The National Audit Office have been looking at what they call early action and their report across quite a broad landscape is a positive endorsement for trying to intervene earlier in the course of preventable social and health problems.
Their definition of early action is I think quite helpful to our field, drawing together as it does prevention, early intervention and early treatment.
They reiterate that early action has been a theme of the government’s strategies across a number of departments but argue that there has not been a shift of central government resources to match the rhetoric, and that increasingly the decisions in this area have been devolved to local policy makers.
This localisation is seen as both a threat and opportunity with many local policy makers looking to protect reactive services and a significant minority expressing an interest in early interventions. I’d note that this reflects the findings from the UK Drug Policy Commission’s report on drug services for young people and the New Local Government Network’s review of preparations for the transfer of public health to local government.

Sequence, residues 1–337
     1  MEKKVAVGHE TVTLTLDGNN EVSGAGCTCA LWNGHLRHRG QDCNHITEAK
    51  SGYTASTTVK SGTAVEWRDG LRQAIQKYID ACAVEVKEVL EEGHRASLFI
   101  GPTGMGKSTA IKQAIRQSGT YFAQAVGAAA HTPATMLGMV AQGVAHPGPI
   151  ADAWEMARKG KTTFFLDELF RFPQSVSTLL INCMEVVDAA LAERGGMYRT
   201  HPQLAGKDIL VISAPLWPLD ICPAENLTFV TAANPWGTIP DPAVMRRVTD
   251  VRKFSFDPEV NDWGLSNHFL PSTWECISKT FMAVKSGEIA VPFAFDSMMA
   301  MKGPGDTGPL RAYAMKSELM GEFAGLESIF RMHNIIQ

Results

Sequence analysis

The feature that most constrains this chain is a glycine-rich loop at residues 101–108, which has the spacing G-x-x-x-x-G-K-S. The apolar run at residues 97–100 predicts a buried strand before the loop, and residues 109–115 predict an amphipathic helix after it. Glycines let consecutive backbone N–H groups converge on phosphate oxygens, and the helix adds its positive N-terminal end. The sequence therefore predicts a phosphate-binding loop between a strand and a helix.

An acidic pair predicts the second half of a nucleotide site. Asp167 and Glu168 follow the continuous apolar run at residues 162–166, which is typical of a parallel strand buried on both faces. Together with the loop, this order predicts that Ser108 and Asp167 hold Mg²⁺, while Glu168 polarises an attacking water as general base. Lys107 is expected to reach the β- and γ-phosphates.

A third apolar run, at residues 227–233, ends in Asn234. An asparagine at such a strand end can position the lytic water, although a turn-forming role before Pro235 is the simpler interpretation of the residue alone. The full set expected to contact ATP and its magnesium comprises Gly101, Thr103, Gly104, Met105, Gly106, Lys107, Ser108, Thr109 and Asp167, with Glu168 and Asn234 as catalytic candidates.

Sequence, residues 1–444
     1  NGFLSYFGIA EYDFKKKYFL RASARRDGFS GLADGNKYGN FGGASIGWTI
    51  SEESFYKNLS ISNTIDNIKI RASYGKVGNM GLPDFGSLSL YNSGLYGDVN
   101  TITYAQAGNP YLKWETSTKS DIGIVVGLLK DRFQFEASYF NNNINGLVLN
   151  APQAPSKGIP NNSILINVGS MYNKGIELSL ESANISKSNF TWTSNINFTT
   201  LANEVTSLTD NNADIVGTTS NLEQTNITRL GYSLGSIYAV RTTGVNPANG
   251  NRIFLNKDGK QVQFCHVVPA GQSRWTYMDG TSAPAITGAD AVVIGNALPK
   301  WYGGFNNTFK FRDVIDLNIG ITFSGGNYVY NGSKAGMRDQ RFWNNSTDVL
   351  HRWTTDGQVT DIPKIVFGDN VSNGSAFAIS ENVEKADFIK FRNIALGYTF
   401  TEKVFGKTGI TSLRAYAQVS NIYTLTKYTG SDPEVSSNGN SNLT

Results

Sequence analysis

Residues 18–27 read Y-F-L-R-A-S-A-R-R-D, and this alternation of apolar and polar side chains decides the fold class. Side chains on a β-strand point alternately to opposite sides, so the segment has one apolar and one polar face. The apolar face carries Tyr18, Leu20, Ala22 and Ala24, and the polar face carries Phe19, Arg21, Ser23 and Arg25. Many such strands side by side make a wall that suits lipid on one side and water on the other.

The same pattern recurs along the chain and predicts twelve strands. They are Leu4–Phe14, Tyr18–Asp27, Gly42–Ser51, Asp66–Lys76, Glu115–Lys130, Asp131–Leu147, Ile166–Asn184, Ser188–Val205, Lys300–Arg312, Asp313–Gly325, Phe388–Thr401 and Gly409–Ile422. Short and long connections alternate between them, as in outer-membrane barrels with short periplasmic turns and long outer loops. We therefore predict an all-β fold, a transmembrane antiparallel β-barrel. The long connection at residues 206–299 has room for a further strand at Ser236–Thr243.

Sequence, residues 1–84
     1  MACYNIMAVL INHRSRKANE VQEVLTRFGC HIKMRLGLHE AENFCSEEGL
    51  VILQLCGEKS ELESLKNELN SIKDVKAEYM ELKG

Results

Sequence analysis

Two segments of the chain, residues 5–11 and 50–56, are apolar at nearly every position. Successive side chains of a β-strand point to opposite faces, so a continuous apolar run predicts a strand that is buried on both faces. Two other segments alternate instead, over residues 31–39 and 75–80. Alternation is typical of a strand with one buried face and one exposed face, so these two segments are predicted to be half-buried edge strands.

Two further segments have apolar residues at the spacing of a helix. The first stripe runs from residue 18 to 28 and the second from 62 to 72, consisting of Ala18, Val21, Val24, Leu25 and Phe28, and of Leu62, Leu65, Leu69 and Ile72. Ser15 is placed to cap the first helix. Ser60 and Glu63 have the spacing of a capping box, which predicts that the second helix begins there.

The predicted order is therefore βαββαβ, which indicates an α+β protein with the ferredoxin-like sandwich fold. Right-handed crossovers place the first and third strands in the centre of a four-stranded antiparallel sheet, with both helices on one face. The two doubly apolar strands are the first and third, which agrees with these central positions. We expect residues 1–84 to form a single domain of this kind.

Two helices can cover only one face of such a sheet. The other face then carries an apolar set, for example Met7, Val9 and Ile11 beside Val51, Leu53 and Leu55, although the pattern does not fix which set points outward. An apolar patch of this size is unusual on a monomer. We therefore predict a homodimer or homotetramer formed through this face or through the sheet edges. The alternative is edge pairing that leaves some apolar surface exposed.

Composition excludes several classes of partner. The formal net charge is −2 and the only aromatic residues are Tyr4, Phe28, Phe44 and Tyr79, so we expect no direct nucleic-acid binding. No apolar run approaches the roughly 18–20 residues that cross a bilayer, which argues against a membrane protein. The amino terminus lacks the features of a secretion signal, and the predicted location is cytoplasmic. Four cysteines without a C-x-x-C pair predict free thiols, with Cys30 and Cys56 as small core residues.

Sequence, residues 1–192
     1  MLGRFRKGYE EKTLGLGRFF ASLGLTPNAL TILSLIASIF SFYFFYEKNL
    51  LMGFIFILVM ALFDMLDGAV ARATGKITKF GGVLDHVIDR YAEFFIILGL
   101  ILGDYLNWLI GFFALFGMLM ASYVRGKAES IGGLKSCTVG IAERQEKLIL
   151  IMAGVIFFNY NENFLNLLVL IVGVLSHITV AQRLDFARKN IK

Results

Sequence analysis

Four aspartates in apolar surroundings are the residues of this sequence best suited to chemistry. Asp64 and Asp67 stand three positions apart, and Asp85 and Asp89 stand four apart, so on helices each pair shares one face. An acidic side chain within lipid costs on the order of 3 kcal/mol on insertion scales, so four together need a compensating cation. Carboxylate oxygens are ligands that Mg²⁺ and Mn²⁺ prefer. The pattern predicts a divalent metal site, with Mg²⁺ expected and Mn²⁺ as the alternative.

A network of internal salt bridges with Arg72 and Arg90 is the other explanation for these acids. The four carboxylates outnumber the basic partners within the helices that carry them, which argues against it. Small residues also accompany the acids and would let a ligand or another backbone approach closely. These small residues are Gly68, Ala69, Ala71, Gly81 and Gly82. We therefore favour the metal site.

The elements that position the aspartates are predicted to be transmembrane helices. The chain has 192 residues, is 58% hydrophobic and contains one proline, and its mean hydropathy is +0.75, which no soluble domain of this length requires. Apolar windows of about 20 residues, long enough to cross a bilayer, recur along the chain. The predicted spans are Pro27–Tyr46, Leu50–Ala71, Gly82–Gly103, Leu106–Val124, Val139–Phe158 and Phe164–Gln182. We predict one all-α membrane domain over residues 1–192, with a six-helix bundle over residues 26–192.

For the NAO one of the reasons for the lack of clarity around whether early action will receive support is the relative lack of evidence around cost effectiveness. They point out:
Strong evidence of early action’s impact and cost-effectiveness is thin on the ground. The Allen review found 19 of the hundreds of early action schemes it scrutinised met the very highest evidence standards, and of those only eight were available in the UK. The best examples suggest that, over the long term, returns on investment of up to 4 to 1 can be reasonably expected.
For the NAO there are four key challenges largely aimed at central policy makers:
- Generating and disseminating evidence for what works.
- Incentivising a longer term outlook on achieving outcomes for society.
- Aligning departmental working – and interestingly they identify drug prevention as an area where they think this is happening – towards achieving the same outcomes.
- Increasing the capacity of departments to ‘innovate and take bold long-term decisions’.
The report concludes with a set of recommendations for government including calling on the Treasury to undertake or commission a study into the potential of early action to reduce public spending, increase economic growth and achieve better outcomes for individuals and society. It asks the Cabinet Office to coordinate the ‘what works’ centres and to drive the social investment market through providing advice on delivering cost-effective services and cashable savings. And it asks spending departments to review the current spending on early action in a ‘rigorous and consistent way’.